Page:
Nolet, P. S., Yu, H., Côté, P., Meyer, A. L., Kristman, V. L., Sutton, D., Murnaghan, K., & Lemeunier, N. (2021). Reliability and validity of manual palpation for the assessment of patients with low back pain: a systematic and critical review. Chiropractic & manual therapies, 29(1), 1-20.
Advice giving for patients with lower back pain
Advice giving for patients with low back pain is often endorsed in best practice statements and clinical guidelines – but little is known about the extent of health promotion and what actual advice is given to patients who see manual therapists or acupuncturists. As such, a novel study by Osborn-Jenkins and team from the University of Southampton has described advice giving practices in physiotherapists, osteopaths, and acupuncturists in the UK. The results noted a broad scope of advice with majority of practitioners offering exercise advice.
Osborn-Jenkins, L., Roberts, L., Al-Abbadey, M., MacPherson, H., Stuart, B., Carnes, D., Fawkes, C., Yardley, L., Bradbury, K., & Bishop, F. L. (2021). Advice-giving practice in physiotherapy, osteopathy, and acupuncture for people with low back pain. Physiotherapy, 113, e164-e165.
GUIDELINES: Myalgic encephalomyelitis (or encephalopathy)/chronic fatigue syndrome: diagnosis and management
The UK National Institute for Health and Care Excellence (NICE) released updated guidelines on the diagnosis and management of myalgic encephalomyeltis/chronic fatigue syndrome
Respiratory Palpation in Osteopathic Manual Medicine
An article published in Cureas has noted the clear lack of literature in regarding palpation of the lower respiratory tree and the failure to demonstrate how to perform palpation of said area. The review article thus covers innervation of the respiratory tree, the mechano-metabolic weight of the passage of fluids and air in the respiratory tract, anatomical topography, and respiratory movements – illustrating hand placement for effective osteopathic assessment of respiratory structures such as the tracheal, bronchial, structures.
Large analysis shows the high burden of musculoskeletal disorders for 195 Countries and Territories
Musculoskeletal disorders have an ever-increasing prevalence globally and can severely affect an individual’s quality of life. A study in the Journal of Arthritis & Rheumatology has provided an overview of the burden of musculoskeletal disorders in a global context. The researchers examined data from the Global Burden of Disease Study 2017 which covered musculoskeletal disorders such as (but not limited to) rheumatoid arthritis, osteoarthritis, neck pain, lower back pain. The team found that there were approximately 1.3 billion prevalent cases of musculoskeletal disorders around the world in 2017 and that the burden of these diseases tended to increase with age, was more common among females, and was higher in developed countries.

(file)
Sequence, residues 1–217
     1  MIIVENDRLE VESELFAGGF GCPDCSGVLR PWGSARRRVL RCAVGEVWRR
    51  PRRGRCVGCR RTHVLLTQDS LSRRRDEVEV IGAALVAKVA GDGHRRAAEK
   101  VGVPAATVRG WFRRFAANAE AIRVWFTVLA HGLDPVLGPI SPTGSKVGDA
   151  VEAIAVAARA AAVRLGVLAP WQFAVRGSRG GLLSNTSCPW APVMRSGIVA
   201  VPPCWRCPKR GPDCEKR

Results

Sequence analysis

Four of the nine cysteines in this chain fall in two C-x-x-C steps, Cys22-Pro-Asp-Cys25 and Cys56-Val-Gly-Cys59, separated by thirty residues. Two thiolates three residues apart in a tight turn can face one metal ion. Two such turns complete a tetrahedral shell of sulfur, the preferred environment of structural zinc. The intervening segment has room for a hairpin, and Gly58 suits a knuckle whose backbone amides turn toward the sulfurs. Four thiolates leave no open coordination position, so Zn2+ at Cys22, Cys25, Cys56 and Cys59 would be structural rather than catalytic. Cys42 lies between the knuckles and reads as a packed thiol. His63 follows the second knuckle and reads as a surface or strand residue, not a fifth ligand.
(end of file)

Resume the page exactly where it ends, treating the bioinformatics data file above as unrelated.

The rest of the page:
OCTOBER 2021: Journal Focus – Musculoskeletal Science and Practice
Issues in identifying serious pathology in Musculoskeletal care during and after COVID
Identifying serious pathology in musculoskeletal care is challenging at the best of times and the COVID 19 pandemic seems to have compounded the issue as consultations have moved online, limiting assessment and decision-making capabilities. A paper published in the Journal Musculoskeletal Science and Practice discusses the complexities of identifying serious pathology as well as clinical risk and management strategies.
Paling, C. (2021). The complex problem of identifying serious pathology in Musculoskeletal care: Managing clinical risk during the COVID pandemic and beyond. Musculoskeletal Science and Practice, 102379
A look at manual therapy techniques for migraine
Migraines are much more than just a simple headache and over 4 million Australians experience migraines at some point in time. Not only are they a literal pain, but they often lead to a significant reduction productivity. A study published in the Journal Musculoskeletal Science and Practice has suggested that Articulatory manual therapy may reduce pain intensity, disability, and medication intake in patients who suffer from migraines. The study also reported on short term sustained improvements in quality of life. However, a variety of articulatory techniques were used and thus the observed improvements could not be attributed to a singular technique.